Santa Paula Planning Commission: Bendpak, Inc. Expansion and Luxury Hillside Home

By Sheryl Hamlin

The Planning Commission for May 26, 2015 contained two items, each of which illustrated noteworthy planning challenges.

The first item was as follows:

2015-CDP-01 – A request for Conditional Use Permit and Planned Development Permit in order to construct a new 66,400 square foot industrial warehouse building on an existing vacant 3.5 acre parcel

The applicant, Bendpak, Inc., proposes to build additional warehouse space for an existing manufacturing facility in Santa Paula. According to Mr. James McNight, a representative of the applicant, the project has been one year in the making and will increase manufacturing efficiency by providing inventory space for production components needed by their existing Santa Paula manufacturing process. Just what do they make?  Bendpak builds hoists to augment garage storage for both private and commercial users and sells a line of shop equipment.


The site has several unique features, explained Stratis Perros, Assistant Planning Director. First of all, this parcel is the last available, undeveloped parcel in the Lemonwood Industrial Park. The 66,400 square foot metal structure proposes a floor area ratio of .41 which is above the .25 floor area ratio specified for the Lemonwood Industrial Park, thus requiring a Conditional Use Permit (CUP).

Additionally, the parcel contains a segment of an underground canal, used for flood control. The building had to be sited to clear the canal, thus creating the asymmetrical design. The potential flood level for this location requires a raised pad, thus a LOMR (Letter of Map Revision) was filed. Many locations in Santa Paula are affected by flooding. For example, the new Starbucks pad also had to be raised due to the possibility of flooding.underground_canal


The project was approved unanimously. Mr. Perros reiterated that industrial development requests for Santa Paula, of which there are several, will be directed to the west side of the city now that this industrial park is at capacity.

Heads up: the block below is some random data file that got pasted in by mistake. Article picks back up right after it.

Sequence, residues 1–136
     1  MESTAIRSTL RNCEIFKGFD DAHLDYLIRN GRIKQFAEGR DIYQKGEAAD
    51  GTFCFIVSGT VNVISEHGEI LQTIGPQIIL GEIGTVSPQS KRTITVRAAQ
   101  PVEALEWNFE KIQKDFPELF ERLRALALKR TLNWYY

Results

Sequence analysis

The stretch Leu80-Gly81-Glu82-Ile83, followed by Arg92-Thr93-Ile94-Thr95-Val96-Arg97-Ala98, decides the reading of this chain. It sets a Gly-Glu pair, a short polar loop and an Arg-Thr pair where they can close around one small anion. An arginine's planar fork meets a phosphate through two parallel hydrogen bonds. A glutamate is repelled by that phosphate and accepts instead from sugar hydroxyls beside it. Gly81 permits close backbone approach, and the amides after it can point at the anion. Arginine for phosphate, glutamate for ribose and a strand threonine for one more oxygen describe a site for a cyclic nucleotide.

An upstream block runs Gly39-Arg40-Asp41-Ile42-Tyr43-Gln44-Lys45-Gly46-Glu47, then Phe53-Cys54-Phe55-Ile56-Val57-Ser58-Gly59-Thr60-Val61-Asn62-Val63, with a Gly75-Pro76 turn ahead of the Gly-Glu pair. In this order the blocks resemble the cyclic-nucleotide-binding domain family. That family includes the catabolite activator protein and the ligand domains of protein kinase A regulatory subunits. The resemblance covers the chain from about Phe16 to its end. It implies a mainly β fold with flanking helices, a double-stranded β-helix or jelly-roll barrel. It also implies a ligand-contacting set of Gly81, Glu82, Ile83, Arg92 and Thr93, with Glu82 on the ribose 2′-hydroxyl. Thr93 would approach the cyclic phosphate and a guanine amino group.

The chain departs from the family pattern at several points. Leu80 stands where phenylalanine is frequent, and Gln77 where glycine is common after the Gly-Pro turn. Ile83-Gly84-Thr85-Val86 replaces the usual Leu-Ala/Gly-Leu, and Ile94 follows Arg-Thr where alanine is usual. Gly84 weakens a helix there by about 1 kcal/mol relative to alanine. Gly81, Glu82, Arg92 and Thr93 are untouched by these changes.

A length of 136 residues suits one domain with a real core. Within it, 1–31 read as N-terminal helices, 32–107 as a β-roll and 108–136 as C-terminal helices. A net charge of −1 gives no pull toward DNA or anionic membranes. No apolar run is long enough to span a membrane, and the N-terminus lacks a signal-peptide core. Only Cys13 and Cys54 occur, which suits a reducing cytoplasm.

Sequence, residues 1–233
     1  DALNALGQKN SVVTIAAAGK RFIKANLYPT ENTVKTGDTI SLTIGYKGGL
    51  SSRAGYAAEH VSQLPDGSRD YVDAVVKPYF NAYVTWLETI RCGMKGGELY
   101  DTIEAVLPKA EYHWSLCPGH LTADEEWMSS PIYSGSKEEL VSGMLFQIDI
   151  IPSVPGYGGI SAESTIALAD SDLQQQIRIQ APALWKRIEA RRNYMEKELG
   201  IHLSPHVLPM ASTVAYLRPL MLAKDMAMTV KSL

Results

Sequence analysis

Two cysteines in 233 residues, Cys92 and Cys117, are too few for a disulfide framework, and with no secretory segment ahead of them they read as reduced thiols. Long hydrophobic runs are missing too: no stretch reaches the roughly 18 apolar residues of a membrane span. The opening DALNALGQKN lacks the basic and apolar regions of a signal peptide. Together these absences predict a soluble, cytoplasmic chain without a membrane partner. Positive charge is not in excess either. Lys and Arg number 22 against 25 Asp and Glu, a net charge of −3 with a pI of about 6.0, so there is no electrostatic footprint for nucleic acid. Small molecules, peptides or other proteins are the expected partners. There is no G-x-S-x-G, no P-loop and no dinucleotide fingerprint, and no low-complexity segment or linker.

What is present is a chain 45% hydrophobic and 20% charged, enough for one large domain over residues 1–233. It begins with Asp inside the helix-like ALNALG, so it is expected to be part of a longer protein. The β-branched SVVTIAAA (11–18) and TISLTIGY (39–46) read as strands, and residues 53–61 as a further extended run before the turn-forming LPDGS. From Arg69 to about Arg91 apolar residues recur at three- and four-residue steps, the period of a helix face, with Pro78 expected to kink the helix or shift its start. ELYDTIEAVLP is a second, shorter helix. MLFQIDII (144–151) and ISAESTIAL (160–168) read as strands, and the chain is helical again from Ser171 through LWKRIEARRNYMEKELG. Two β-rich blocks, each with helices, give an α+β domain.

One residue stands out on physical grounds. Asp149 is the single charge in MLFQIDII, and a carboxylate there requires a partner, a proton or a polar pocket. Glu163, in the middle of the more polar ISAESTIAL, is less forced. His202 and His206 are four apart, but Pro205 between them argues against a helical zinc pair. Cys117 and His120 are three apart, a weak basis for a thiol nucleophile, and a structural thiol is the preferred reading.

The next item was agendized as follows and was in actuality a “concept review”:

2015-CR-01 , Planning Commission Concept Review for a proposed single family residential hillside home on a 2.42 acre vacant parcel.

Commission Chair Ikerd recused himself from this discussion due to personal proximity. Vice Chair Robinson assumed the role as chair for this item.

The address for the proposed luxury hillside home is 516 Montclair Place, which is part of the 9 unit Hillsborough subdivision approved in 1990. The current owners, who were present at the meeting, have owned the property for ten years but have not built. Of the nine parcels in Hillsborough, only four have been built to date.

Mr. and Mrs. Herschbach are considering the purchase of 516 Montclair Place and have hired Mr. David Waterland of Riverside, California to design a home suitable to the conditions of this particular tract. Mr. and Mrs. Herschbach are seeking guidance from the Planning Commission about the viability of their plans in the event they proceed with the purchase of the lot.

Two issues: the preservation of the view shed and the maintenance of the required square footage are mutually convoluting the design of this home. Condition number 19 of the Hillsborough tract says that the home cannot project above the ridge line. Some options to mitigate this are: amend the condition or grade the pad down below the ridgeline, which is expensive because the utilities have already been brought to the graded pad. Waterland is capable of providing a one story, 2400 square foot home that DOES NOT violate the ridge line, however, the Hillside tract specifies that homes should be a minimum of 3000 square feet, which caused a second story to be added to the design and which extends beyond the ridge line.

Two obvious questions: why not amend the requirement of the size of the home, particularly when a 2400 square foot home is amenable to the potential new owners? The second question was stated succinctly by Mr. Waterland who said “Why was this pad even graded?”, a question that exposes the flaw in “tract” development, particularly in tracts with challenging hillside topography.